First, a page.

Read on here.

Tuesday, October 4, 2016

New OxCarre research: Saving Alberta's Resource Revenues: Role of intergenerational and liquidity funds

New OxCarre research from:

Ton van der Bremer (University of Edinburgh) and Rick van der Ploeg (OxCarre)

Saving Alberta's Resource Revenues: Role of intergenerational and liquidity funds


We use a welfare-based intertemporal stochastic optimization model and historical data to estimate the size of the optimal intergenerational and liquidity funds and the corresponding resource dividend available to the government of the Canadian province Alberta. To first-order of approximation, this dividend should be a constant fraction of total above- and below-ground wealth, complemented by additional precautionary savings at initial times to build up a small liquidity fund to cope with oil price volatility. The ongoing dividend equals approximately 30 per cent of government revenue and requires building assets of approximately 40 per cent of GDP in 2030, 100 per cent of GDP in 2050 and 165 per cent in 2100. Finally, the effect of the recent plunge in oil prices on our estimates is examined. Our recommendations are in stark contrast with historical and current government policy.

Sunday, September 25, 2016

Mining matters: Natural resource extraction and local business constraints

Research on VOXEU from

Ralph de Haas (EBRD) and Steven Poelhekke (VU Amsterdam):

The extraordinary expansion in global mining activity over the last two decades, and its increasing concentration in emerging markets, has reignited the debate over the impact of mining on local economic activity. This column analyses how the presence of nearby mines influences firms in eight countries with large manufacturing and mining sectors. Mines are found to out-compete local manufacturing firms for inputs, labour, and infrastructure. However, mining activity is found to improve the business environment on a wider geographic scale.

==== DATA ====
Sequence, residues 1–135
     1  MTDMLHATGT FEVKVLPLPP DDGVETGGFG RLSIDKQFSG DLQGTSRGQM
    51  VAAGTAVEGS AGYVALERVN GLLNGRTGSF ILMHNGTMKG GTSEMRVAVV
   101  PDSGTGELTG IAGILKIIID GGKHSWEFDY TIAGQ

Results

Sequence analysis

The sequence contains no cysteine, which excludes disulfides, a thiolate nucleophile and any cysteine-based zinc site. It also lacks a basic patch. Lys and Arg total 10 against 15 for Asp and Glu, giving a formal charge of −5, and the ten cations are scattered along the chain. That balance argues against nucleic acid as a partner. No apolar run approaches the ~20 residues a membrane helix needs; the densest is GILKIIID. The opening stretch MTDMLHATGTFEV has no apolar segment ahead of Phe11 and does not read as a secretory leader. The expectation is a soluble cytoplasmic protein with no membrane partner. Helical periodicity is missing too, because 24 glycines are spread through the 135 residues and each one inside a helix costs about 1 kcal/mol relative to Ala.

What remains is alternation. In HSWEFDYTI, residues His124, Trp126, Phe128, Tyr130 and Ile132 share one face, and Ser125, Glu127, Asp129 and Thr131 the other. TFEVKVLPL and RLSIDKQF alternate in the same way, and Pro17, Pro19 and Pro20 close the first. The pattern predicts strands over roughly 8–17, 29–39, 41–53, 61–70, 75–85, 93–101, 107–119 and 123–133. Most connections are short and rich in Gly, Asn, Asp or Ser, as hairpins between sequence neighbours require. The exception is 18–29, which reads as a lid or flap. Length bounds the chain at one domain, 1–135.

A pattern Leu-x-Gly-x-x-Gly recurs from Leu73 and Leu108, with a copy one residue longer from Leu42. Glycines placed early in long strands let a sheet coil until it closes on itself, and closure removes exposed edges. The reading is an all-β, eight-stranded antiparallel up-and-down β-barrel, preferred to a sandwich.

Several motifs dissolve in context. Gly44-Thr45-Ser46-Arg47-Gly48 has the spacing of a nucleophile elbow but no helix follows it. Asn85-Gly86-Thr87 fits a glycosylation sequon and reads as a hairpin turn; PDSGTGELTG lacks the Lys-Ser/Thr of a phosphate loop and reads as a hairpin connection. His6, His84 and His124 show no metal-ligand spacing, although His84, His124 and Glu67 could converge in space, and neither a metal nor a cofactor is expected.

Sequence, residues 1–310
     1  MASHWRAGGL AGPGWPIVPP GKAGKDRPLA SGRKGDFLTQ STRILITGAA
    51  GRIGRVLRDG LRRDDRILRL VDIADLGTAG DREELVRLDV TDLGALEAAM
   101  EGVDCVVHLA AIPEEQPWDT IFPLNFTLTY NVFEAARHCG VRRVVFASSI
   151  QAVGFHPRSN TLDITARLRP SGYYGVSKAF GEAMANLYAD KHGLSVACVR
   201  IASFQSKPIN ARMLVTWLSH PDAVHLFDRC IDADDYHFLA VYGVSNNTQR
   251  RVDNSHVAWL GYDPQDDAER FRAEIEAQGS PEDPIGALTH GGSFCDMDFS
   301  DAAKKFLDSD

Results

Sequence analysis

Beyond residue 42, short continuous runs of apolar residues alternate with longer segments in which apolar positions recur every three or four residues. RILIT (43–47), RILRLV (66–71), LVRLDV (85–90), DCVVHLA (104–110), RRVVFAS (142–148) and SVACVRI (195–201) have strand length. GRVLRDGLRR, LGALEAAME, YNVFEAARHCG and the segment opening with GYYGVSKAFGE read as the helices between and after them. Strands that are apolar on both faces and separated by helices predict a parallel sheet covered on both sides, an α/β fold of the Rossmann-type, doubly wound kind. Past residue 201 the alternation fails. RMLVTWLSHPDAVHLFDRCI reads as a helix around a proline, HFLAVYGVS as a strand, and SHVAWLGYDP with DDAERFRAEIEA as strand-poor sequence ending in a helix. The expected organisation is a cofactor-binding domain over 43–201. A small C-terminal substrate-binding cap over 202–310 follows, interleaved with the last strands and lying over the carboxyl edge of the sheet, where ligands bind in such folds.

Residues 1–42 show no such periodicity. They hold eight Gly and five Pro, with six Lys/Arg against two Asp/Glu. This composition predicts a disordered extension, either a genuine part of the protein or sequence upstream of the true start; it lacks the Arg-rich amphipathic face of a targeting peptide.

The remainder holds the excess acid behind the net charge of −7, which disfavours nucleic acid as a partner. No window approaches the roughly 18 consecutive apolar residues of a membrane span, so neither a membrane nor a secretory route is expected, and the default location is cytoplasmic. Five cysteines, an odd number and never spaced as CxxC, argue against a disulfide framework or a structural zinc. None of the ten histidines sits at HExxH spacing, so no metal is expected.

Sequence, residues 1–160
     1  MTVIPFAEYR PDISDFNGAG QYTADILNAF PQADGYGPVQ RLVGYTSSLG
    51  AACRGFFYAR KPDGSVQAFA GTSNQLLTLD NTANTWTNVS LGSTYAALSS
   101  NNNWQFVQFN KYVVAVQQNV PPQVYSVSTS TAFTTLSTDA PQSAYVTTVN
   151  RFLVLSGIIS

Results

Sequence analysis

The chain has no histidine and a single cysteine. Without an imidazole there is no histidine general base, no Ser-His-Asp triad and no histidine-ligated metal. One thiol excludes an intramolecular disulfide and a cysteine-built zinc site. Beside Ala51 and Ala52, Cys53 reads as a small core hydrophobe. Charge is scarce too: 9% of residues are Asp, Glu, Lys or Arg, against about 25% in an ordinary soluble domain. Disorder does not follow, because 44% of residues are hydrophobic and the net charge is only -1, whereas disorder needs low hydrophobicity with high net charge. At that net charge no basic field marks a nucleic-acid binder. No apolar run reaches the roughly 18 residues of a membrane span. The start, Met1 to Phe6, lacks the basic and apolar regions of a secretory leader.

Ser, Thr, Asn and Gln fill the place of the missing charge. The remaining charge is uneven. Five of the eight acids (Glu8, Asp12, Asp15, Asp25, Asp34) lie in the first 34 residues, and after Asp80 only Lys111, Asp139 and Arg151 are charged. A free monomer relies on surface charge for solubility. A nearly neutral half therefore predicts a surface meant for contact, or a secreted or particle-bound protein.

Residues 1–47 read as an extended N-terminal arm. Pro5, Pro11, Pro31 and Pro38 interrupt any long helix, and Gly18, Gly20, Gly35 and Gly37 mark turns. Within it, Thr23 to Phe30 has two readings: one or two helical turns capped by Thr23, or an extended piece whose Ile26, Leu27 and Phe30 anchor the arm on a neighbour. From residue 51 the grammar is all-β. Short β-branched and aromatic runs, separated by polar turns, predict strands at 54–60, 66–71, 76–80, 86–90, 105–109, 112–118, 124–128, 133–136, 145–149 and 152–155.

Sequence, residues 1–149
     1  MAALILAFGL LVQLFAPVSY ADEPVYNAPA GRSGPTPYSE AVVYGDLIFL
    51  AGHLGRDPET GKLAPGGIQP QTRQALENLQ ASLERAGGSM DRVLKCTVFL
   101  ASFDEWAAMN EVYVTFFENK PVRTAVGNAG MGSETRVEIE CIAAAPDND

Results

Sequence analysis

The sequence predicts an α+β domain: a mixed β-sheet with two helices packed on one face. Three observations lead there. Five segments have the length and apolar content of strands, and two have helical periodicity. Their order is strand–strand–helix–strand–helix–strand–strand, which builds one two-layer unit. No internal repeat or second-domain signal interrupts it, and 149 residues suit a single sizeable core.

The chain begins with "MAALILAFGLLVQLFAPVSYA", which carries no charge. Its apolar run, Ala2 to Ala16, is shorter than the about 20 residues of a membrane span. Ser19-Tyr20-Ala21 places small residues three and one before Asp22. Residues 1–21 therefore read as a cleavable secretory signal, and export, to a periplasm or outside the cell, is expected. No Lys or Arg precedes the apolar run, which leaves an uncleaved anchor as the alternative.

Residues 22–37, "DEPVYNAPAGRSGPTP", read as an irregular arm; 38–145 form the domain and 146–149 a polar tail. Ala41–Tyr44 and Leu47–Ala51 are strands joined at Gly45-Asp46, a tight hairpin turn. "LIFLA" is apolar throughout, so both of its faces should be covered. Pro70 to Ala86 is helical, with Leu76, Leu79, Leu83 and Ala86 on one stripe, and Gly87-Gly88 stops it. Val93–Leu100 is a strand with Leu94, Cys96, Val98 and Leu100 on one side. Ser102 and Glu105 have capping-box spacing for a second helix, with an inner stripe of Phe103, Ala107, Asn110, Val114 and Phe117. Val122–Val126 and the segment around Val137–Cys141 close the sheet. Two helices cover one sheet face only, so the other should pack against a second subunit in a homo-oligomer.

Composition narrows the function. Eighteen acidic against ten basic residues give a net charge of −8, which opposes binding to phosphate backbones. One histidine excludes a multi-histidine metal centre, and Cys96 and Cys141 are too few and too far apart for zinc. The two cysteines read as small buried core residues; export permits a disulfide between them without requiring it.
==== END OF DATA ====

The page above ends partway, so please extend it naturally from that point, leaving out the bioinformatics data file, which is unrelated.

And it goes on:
Tuesday, September 20, 2016

New OxCarre research: Resource discoveries and FDI bonanzas

New OxCarre research from:

Gerhard Toews (OxCarre) and Pierre-Louis Vezina (King's College London)

This paper examines the effect of giant oil and gas discoveries on foreign direct
investment in developing economies using a new project-level dataset. We document
a large increase in non-extraction FDI in the 2 years following a giant discovery, an
event which is unpredictable due to the uncertain nature of exploration. We find
that FDI inows increase by 73% and that this wave is driven by a 37% increase
in the number of FDI projects as well as a 22% increases in source countries and
a 17% increase in target sectors. We interpret this FDI response as evidence for the
news-driven business-cycle hypothesis within a developing country setting and highlight
FDI bonanzas as an important development channel for resource rich economies.

Tuesday, September 13, 2016

Mongolia: Living from loan to loan

Article in the FT:

Since the commodities boom turned to bust, the country has traded self-sufficiency for indebtedness.

Read on here.

Wednesday, July 27, 2016

Poverty Maps and Darkness

From the updated OxCARRE paper [pdf,], Left in the Dark of Brock Smith [] and Sam Wills [] come these interesting maps on rural poverty.

Read on at Sam's website []